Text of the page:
In the State of Georgia, gay marriage was not recognized as legal until after the United States Supreme Court decisions of United States v. Windsor (2013), and Obergefell v. Hodges (2015), decisions. These, in total, struck down the Defense of Marriage Act, 28 U.S.C. 1738C, that had enabled the State of Georgia to not recognize gay marriages performed legally in other states, despite the Full Faith and Credit requirements of the United States Constitution.
That’s a paragraph full of historical decisions, but the bottom line is gay marriage is now legal, right?
Well, it is not that simple:
- Yes, gay marriage is legal and recognized in the State of Georgia.
- But, what if you were married prior to the June 26, 2015 Obergefell decision?
Are you still legally married in the State of Georgia?
This is an important issue, and is currently being debated in a case. It was a lesbian marriage performed in 2010 in a state that recognized gay marriage. The marriage between these two women was legal in that particular state at the time of marriage. However, the marriage was not legal in the State of Georgia, and Georgia did not recognize any gay marriage, until after the Obergefell decision. So the question is, under the law of Georgia are these people legally married at all, if their marriage was not lawful at the time it was made?
There are three ways possible interpretations:
- The marriage is made retroactively legal to the date it was made in 2010
- The marriage became legal in 2015 only after the Supreme Court overturned Georgia law that made it unlawful
- There is no marriage between these two women
Interpretation matters because one of the women has filed for divorce in the State of Georgia.
In this marriage one spouse made all the money and accumulated all the assets. Equitable distribution of property is only legally authorized in the State of Georgia for spouses who are legally married to each other. So until the parties were legally married, the non-earning spouse would have no interest in any of the assets accumulated by the money-earning spouse. This could potentially save the money-earning spouse an awful lot of money if the parties are deemed not legally married, or if the marriage only became legal in 2015.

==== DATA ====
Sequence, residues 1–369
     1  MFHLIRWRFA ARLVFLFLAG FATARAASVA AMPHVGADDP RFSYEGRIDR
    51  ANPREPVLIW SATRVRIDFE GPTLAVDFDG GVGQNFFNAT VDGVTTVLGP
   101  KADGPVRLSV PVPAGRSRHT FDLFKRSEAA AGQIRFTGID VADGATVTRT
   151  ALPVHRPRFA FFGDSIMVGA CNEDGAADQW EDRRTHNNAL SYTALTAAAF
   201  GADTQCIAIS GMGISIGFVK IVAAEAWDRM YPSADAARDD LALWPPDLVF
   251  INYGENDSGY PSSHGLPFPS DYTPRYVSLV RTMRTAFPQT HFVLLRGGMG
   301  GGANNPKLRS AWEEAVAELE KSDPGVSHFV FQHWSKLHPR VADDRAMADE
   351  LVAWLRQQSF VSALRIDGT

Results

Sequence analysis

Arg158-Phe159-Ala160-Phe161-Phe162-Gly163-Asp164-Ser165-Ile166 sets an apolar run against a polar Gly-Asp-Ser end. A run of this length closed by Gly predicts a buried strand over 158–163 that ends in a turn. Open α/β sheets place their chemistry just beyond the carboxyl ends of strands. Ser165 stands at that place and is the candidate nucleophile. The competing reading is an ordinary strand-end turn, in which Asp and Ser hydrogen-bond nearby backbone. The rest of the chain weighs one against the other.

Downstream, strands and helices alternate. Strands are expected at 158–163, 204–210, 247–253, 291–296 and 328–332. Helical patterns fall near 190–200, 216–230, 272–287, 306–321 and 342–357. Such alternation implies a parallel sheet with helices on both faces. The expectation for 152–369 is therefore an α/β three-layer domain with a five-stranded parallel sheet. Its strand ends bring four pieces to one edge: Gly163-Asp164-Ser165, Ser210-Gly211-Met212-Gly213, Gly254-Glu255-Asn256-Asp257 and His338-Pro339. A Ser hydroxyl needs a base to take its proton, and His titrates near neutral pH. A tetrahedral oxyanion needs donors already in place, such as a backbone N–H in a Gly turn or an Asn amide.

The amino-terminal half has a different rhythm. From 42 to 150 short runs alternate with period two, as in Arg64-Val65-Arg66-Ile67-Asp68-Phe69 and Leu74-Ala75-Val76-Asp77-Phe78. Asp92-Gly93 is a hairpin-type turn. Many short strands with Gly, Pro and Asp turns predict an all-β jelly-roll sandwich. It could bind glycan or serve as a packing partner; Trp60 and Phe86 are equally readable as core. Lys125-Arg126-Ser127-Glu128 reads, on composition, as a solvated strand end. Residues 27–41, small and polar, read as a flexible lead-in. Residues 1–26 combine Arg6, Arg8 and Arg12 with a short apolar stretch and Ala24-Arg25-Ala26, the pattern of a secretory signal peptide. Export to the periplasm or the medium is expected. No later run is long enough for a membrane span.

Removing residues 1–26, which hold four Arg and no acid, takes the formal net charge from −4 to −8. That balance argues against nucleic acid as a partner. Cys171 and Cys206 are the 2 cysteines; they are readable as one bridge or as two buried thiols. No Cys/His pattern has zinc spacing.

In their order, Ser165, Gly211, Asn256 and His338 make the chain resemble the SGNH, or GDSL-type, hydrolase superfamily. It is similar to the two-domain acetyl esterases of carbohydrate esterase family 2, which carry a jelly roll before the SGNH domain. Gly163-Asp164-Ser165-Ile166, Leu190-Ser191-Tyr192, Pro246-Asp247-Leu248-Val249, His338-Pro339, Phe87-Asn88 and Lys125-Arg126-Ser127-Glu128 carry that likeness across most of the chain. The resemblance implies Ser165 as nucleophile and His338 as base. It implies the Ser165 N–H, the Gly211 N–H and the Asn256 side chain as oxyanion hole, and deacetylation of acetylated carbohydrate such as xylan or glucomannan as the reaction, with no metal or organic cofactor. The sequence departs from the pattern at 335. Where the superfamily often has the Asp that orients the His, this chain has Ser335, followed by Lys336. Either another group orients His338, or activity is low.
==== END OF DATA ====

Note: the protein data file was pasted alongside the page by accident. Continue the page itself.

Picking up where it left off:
- If they are considered legally married in 2010, both spouses would have an equitable interest in the 401K earnings of the earning spouse going back to 2010.
- If the parties are considered legally married beginning in 2015, then that equitable interest would only start in 2015
- If the parties are considered not married to each other at all, despite gay marriage otherwise now being legal, then the non-earning spouse has no interest at all in the money-earning spouse’s 401K
The answer to this question is not clear and will be argued in the proper case.
Strategically, if you are in a gay marriage and want to protect your assets in a divorce, be sure your attorney is in a position to give you the best advice based on current case law. If you are happily married, but were married in an otherwise legal gay marriage prior to the year 2015, you may want to have a second marriage ceremony just to confirm that your marriage, although otherwise legal, is legally recognized in the State of Georgia.
Scott Shaw is founder and principle of Shaw Law Firm PC, founded in 1995 and dedicated solely to divorce, family law and child custody matters that must be addressed and decided in the state of Georgia. Shaw Law Firm has offices in Dunwoody/Sandy Springs and serves the greater Metro Atlanta area, particularly the counties of Fulton, DeKalb, Gwinnett, Cobb, Cherokee, Forsyth, Paulding, Henry, Fayette, Coweta, Newton, Walton, Bartow and Douglas. Schedule a consultation today at 770-594-8309 or contact us.